In some (if not most) of the transitions to an agile way of building software, the awareness of the manifesto happens after having started on the journey. The trigger to adopt agile probably varies in any given situation.
While some take a structured approach to adopt one of the agile software development frameworks, there are many who are looking to find a solution for a specific situation bothering them for a (maybe relatively) long time already.
Aah, there you go.
Barring few instances, most cases involve researching, adapting to a certain degree and dealing with certain unknowns. Making a comprehensive plan in such situation(s) asks for (some) room to maneuver.
To relate, let me know share two cases to illustrate the point.
Case 1: A software development organization having experienced success with a set of components that worked in tandem wanted to weave them into an integrated system. The idea was to deliver enhanced business value in a seamless manner. This grand ambition off-course lead to meticulous planning and drained all the available capacity to execute and deliver on this multi-year plan. Apart from the delays and impact due to the re-work of the design and re-planning, as more and more resources got absorbed into the plan, work started piling-up, concerning the support of in-production versions of the components and a huge technical debt. Without an end in sight, something needed to change to get things back in control.
Rather than focusing on detailing all the steps into a plan or finalizing the complete software architecture, it was a brush with working software over detailing.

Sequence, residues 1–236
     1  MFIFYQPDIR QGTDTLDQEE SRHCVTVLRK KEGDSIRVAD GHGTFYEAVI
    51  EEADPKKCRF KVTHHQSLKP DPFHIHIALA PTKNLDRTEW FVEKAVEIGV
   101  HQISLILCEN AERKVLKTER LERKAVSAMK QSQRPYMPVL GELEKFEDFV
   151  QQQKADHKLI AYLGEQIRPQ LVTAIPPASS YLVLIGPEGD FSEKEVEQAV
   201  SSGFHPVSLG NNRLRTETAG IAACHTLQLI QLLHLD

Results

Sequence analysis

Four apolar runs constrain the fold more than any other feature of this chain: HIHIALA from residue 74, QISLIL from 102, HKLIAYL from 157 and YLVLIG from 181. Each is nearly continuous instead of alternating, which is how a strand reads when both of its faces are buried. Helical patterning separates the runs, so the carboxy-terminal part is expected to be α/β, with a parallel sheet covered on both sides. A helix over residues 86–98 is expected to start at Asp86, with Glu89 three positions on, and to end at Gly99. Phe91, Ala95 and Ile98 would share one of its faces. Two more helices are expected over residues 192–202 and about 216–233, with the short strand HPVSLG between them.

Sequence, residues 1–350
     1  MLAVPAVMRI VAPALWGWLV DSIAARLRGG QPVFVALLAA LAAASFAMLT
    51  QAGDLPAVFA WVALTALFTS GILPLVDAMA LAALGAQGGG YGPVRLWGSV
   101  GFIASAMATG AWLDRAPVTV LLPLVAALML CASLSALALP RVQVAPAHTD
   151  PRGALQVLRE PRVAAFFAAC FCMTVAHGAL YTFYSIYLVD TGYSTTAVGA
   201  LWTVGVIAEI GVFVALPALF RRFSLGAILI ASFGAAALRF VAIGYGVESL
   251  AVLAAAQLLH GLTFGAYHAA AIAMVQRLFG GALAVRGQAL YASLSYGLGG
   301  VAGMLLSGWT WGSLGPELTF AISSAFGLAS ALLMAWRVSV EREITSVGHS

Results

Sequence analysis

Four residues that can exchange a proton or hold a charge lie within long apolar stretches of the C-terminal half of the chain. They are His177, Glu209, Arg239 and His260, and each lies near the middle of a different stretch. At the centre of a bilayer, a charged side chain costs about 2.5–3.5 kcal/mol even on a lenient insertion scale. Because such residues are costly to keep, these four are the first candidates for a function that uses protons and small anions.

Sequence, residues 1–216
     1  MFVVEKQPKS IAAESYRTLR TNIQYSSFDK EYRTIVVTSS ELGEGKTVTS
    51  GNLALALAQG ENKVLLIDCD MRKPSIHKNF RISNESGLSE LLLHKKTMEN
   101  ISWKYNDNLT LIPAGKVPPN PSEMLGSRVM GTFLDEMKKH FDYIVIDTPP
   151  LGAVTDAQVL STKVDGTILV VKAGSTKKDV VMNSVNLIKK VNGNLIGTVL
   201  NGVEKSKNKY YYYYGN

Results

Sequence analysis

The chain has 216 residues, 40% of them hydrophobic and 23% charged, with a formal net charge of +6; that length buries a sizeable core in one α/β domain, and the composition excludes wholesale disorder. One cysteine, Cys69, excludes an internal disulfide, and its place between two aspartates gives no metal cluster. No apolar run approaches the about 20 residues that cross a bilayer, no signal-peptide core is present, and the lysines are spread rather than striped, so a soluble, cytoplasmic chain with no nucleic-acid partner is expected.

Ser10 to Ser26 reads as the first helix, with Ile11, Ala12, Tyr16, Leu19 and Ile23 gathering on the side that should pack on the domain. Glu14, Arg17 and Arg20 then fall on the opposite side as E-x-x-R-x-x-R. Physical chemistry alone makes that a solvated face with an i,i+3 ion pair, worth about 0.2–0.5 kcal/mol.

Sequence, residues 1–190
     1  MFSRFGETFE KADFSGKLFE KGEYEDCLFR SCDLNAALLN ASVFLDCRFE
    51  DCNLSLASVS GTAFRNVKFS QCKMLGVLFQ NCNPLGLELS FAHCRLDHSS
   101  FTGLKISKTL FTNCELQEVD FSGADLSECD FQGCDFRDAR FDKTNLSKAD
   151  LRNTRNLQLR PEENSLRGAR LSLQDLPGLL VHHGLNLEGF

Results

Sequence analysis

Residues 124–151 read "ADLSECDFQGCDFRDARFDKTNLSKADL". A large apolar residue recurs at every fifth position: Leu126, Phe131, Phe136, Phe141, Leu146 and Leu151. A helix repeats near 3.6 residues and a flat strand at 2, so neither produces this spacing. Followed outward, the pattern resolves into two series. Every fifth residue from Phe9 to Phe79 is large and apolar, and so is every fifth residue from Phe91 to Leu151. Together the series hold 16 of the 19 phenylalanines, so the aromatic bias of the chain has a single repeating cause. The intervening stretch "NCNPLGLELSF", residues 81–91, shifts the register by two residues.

The new approach did not promise a quick turnaround for all the problems. It helped prioritize the issues and deal with them in an iterative manner. To ensure we stay on course, it was decided to work with the potential users of the software.
This lead to earlier feedback and to keep the software fit for business use rather than having to defend the quality of the software using the contractual clauses.
All the internal learning while building the software could not get the required attention due to the rigidity in the plan and not enough scope to re-work and improve.
With the move to Scrum, there was more room to process the internal feedback as much as the external inputs. This helped create an environment of collaboration within the teams. Building the software right took as much precedence as building the right software. There was increased involvement from all the stakeholders as the software started to shape-up.
This was a process of discovery of better ways of developing software. This was a multi-year period of learning the nuances of Scrum and improving upon the way software could be built better.
Accepting the change is more important than just sticking to a plan. The world of tomorrow will be different from the world today and hence the plan most likely less relevant. Plan sets a direction and is not set in stone. It needs to be adopted as the execution proceeds further.
When the complexity levels are high, tackling change becomes difficult as all the consequences may not be seen through. Responding to change in such situations might even blur the sense of direction. As you make further steps in this journey, you will come to realize the benefits of working software over detailing. DO over THINK, SHOW over WRITE.